About 12% of global trade passes through the 193km (120-mile) canal, which connects the Mediterranean Sea to the Red Sea and provides the shortest sea link between Asia and Europe.
An alternative route, around the Cape of Good Hope on the southern tip of Africa, can take two weeks longer.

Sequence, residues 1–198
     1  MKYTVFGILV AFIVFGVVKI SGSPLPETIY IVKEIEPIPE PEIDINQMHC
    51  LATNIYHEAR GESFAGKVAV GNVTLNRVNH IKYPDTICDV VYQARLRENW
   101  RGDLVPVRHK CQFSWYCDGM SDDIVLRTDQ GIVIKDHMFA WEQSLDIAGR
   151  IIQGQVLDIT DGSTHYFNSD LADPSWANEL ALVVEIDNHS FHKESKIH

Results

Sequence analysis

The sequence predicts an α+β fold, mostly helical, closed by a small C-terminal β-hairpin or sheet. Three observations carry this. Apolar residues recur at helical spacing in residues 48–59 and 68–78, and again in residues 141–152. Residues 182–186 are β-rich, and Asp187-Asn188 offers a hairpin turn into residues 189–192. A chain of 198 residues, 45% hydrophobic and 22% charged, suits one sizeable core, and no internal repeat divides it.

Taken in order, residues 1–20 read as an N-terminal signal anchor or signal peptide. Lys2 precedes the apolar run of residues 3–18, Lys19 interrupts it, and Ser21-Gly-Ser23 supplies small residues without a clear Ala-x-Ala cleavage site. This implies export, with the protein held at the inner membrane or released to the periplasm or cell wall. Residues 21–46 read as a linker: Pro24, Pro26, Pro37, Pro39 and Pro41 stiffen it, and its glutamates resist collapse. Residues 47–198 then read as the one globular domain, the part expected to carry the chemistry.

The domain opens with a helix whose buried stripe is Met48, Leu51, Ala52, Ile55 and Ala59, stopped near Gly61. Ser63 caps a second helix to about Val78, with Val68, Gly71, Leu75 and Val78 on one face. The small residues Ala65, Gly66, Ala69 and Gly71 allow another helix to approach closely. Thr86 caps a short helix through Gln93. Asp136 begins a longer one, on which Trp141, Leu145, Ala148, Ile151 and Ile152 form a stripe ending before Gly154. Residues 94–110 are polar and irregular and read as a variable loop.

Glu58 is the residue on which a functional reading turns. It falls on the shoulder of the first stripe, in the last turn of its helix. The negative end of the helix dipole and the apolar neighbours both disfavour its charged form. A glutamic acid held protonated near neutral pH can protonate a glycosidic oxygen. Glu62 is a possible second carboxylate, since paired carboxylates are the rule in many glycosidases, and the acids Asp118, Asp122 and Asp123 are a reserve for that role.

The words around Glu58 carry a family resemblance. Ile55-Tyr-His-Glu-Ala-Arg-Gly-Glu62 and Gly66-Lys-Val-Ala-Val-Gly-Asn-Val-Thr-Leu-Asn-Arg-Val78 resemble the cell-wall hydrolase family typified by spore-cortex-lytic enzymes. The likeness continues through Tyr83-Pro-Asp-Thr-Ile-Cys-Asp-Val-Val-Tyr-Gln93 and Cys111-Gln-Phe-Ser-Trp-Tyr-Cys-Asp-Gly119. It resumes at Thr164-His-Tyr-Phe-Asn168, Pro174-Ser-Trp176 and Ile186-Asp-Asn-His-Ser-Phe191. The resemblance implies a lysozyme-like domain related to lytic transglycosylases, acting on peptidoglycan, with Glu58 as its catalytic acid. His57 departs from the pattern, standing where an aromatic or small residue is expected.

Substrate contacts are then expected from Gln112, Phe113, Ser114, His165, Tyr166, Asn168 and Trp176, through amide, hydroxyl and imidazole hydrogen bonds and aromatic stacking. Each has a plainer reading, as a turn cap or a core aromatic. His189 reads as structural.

According to data from Lloyd's List, the blockage is holding up an estimated $9.6bn (£7bn) of goods each day - or $400m an hour.
Mr Rabie estimated that Egypt was losing up to $14m in revenue each day that the canal was closed.
He said Egypt was grateful to the US, China and the United Arab Emirates for offers of help.